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Re: Pytorch NNUE training

Posted: Tue Nov 17, 2020 7:01 am
by xr_a_y
For now, I have no gpu, so I run on cpu only.
batch_size is 256, 8 workers => it takes more than 1h for 10Msfens

Unless "step" in the tensorboard view is not equivalent to sfens ...

So question is, do I need a gpu or is there something else going wrong ?

Re: Pytorch NNUE training

Posted: Tue Nov 17, 2020 8:24 am
by David Carteau
xr_a_y wrote:
Tue Nov 17, 2020 7:01 am
For now, I have no gpu, so I run on cpu only.
batch_size is 256, 8 workers => it takes more than 1h for 10Msfens

Unless "step" in the tensorboard view is not equivalent to sfens ...

So question is, do I need a gpu or is there something else going wrong ?
Hi Vivien,

Until now, I was using only CPU to train my networks, with an average speed of 3 days for processing 360 million positions (i.e. my full set of training data, i.e. an "epoch"). I've just adapted my pytorch script to use GPU and I'll tell you what is the performance gain. As I understood, "step" is performed to compute the gradients at the end of a "batch" (i.e. a subset of your training data).

Regards,

David

Re: Pytorch NNUE training

Posted: Tue Nov 17, 2020 8:33 am
by David Carteau
gladius wrote:
Mon Nov 16, 2020 9:25 pm
AndrewGrant wrote:
Mon Nov 16, 2020 8:38 pm
gladius wrote:
Mon Nov 16, 2020 4:45 pm
Yes, this comes from using the GPU (hooray pytorch!). As well, Sopel implemented a super fast C++ data parser, which feeds the inputs to pytorch as sparse tensors, which was a very large speedup (since the inputs to the first layer are super sparse).
What was the batch size for this? That makes a big difference. Batchsize=1, that is damn fast. Batchsize=1M, that is damn slow.
Batch size is 8192.
I had recent success while training a NNUE-style network for my Orion NNUE experiment with a batch size of... 256k ! Maybe, my choice was far to be optimal... I found this size by trying to have decent convergence while setting both 'batch size' and 'learning rate' parameters. I will try later other combinations. There's a lot of randomness (and try/error attempts) for fixing these values, having in mind that you can also choose the optimisation algorithm (SGD, Adam, etc.) :)

Re: Pytorch NNUE training

Posted: Tue Nov 17, 2020 8:42 am
by connor_mcmonigle
xr_a_y wrote:
Tue Nov 17, 2020 7:01 am
For now, I have no gpu, so I run on cpu only.
batch_size is 256, 8 workers => it takes more than 1h for 10Msfens

Unless "step" in the tensorboard view is not equivalent to sfens ...

So question is, do I need a gpu or is there something else going wrong ?
I've configured tensorboard such that the x axis of the loss graph corresponds to number of packed FENs observed. My training code is slow, but, even with a modest GPU, you'd get far superior performance. I would say you need a GPU :D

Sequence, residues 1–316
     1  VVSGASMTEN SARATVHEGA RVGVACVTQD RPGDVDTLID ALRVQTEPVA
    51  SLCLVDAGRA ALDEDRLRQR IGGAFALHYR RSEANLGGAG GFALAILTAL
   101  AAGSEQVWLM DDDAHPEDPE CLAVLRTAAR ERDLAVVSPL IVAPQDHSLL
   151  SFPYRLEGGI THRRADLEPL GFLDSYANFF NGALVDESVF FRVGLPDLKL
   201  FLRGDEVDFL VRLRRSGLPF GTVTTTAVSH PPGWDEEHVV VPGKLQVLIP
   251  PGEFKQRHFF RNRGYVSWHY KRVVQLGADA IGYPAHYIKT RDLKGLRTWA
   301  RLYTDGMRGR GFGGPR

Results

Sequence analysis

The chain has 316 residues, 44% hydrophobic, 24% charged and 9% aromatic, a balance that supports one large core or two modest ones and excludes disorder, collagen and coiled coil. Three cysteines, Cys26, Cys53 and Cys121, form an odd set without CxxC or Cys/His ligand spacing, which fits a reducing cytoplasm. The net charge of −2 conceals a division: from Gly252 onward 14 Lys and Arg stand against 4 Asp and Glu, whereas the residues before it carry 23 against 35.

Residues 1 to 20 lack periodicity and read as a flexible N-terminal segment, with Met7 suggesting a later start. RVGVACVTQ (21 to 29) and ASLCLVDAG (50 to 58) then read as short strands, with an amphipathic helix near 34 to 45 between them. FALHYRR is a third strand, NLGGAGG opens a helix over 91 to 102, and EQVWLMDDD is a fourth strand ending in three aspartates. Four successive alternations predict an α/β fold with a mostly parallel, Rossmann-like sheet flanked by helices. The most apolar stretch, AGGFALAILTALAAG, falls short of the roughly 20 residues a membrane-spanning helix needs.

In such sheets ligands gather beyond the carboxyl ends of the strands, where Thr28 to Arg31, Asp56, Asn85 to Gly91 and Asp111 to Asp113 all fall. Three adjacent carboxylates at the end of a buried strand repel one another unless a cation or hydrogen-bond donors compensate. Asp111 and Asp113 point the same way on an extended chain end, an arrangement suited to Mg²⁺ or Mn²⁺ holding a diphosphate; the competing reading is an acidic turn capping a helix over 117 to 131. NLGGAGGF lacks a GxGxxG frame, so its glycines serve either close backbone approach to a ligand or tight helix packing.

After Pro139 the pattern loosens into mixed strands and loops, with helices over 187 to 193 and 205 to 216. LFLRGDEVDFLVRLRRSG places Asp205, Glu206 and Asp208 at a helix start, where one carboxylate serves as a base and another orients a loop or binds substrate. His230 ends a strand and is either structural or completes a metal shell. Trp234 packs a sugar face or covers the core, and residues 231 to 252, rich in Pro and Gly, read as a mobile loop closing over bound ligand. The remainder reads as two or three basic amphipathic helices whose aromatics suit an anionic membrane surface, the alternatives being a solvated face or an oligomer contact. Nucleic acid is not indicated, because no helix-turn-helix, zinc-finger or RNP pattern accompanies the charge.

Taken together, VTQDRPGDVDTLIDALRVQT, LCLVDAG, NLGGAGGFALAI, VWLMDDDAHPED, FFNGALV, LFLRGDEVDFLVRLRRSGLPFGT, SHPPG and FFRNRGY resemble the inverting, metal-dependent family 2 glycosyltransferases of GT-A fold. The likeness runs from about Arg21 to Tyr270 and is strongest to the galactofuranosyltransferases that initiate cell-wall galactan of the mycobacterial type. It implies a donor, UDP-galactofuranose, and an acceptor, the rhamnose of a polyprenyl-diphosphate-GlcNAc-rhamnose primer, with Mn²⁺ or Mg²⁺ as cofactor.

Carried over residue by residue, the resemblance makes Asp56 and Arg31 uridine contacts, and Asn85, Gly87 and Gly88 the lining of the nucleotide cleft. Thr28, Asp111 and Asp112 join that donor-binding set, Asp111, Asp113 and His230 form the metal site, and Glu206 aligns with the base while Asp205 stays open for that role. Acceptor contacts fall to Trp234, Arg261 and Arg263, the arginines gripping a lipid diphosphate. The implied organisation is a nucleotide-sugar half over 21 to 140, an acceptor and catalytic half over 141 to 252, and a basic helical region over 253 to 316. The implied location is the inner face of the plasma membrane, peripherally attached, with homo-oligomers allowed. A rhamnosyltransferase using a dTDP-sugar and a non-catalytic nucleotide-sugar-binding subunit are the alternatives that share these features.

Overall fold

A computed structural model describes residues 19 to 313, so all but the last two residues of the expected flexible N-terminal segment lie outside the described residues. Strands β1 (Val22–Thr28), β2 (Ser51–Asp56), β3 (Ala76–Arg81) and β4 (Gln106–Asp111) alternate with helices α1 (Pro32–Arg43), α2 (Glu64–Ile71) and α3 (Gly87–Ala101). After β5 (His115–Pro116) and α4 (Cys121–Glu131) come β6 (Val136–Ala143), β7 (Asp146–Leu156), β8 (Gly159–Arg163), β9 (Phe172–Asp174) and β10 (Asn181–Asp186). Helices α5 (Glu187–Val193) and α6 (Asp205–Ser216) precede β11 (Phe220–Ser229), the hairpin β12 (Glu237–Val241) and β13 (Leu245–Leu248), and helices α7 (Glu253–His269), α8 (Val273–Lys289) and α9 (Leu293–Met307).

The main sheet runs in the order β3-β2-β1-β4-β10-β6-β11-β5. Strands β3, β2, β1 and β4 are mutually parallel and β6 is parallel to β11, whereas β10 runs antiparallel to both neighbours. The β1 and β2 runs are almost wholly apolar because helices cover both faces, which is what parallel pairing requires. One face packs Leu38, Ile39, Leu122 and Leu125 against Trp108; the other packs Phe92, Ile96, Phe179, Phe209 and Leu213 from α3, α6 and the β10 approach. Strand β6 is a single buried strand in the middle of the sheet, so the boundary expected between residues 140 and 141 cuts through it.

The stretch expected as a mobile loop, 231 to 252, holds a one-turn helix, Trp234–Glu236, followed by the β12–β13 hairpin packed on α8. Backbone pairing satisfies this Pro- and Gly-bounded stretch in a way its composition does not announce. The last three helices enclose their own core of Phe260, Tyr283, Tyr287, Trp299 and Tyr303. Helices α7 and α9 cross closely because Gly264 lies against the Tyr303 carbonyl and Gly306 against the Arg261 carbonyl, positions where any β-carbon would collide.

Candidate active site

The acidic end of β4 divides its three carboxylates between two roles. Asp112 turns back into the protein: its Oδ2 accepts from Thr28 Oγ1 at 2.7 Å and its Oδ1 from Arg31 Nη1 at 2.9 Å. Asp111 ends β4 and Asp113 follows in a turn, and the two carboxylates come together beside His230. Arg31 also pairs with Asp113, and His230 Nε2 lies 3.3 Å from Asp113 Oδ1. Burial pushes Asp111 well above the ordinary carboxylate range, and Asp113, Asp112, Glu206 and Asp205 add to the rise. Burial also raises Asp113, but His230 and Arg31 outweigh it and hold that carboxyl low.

Re: Pytorch NNUE training

Posted: Tue Nov 17, 2020 12:05 pm
by elcabesa
elcabesa wrote:
Mon Nov 16, 2020 6:05 pm
gladius wrote:
Mon Nov 16, 2020 4:47 pm
AndrewGrant wrote:
Mon Nov 16, 2020 7:02 am
gladius wrote:
Mon Nov 16, 2020 6:11 am
Interesting! One of the experiments I had lined up was disabling the factorizer on the nodchip trainer and seeing how it did. But I’ll take your word for it :). I had already started implementing it, there are some really cool tricks the Shogi folks pulled off - zeroing the initial weights for the factored features, and then just summing them at the end when quantizing. Very insightful technique!

Latest experiments have us about -200 elo from master, so a long way to go, but it’s at least going in the right direction.
I implemented a factorizer in what I'm doing. I never looked at SF for it, used a sort of "clean room design" method where Seer author told me about the idea, and had me draw some diagrams. But at the end of the day, any sort of factorization seems like an easy winner. Maybe multiple factorizers wins. May be absolute distance wins.

Not sure. At some point I might attempt to find out, as I can "drag and drop" factorizers into my code atm with a few minutes effort.
Cool, thanks for the tip! Well, will be interesting to compare to a "standard" run.

sorry but what is a factorizer?
I try to reask this question, what is factorizer? after looking inside the code it seems a "quantizer". Am I wrong?

Re: Pytorch NNUE training

Posted: Tue Nov 17, 2020 3:37 pm
by gladius
AndrewGrant wrote:
Mon Nov 16, 2020 11:49 pm
gladius wrote:
Mon Nov 16, 2020 9:25 pm
AndrewGrant wrote:
Mon Nov 16, 2020 8:38 pm
gladius wrote:
Mon Nov 16, 2020 4:45 pm
Yes, this comes from using the GPU (hooray pytorch!). As well, Sopel implemented a super fast C++ data parser, which feeds the inputs to pytorch as sparse tensors, which was a very large speedup (since the inputs to the first layer are super sparse).
What was the batch size for this? That makes a big difference. Batchsize=1, that is damn fast. Batchsize=1M, that is damn slow.
Batch size is 8192.
Interesting. Just about the same speed as me, running on the CPU with very many threads in a C program. Can I ask what your system is?
This was on a v100. Very impressive speed for your trainer! The GPU path is not exploiting sparsity for backprop, so we take a hit there.

Re: Pytorch NNUE training

Posted: Tue Nov 17, 2020 3:40 pm
by gladius
elcabesa wrote:
Tue Nov 17, 2020 12:05 pm
elcabesa wrote:
Mon Nov 16, 2020 6:05 pm
gladius wrote:
Mon Nov 16, 2020 4:47 pm
AndrewGrant wrote:
Mon Nov 16, 2020 7:02 am
gladius wrote:
Mon Nov 16, 2020 6:11 am
Interesting! One of the experiments I had lined up was disabling the factorizer on the nodchip trainer and seeing how it did. But I’ll take your word for it :). I had already started implementing it, there are some really cool tricks the Shogi folks pulled off - zeroing the initial weights for the factored features, and then just summing them at the end when quantizing. Very insightful technique!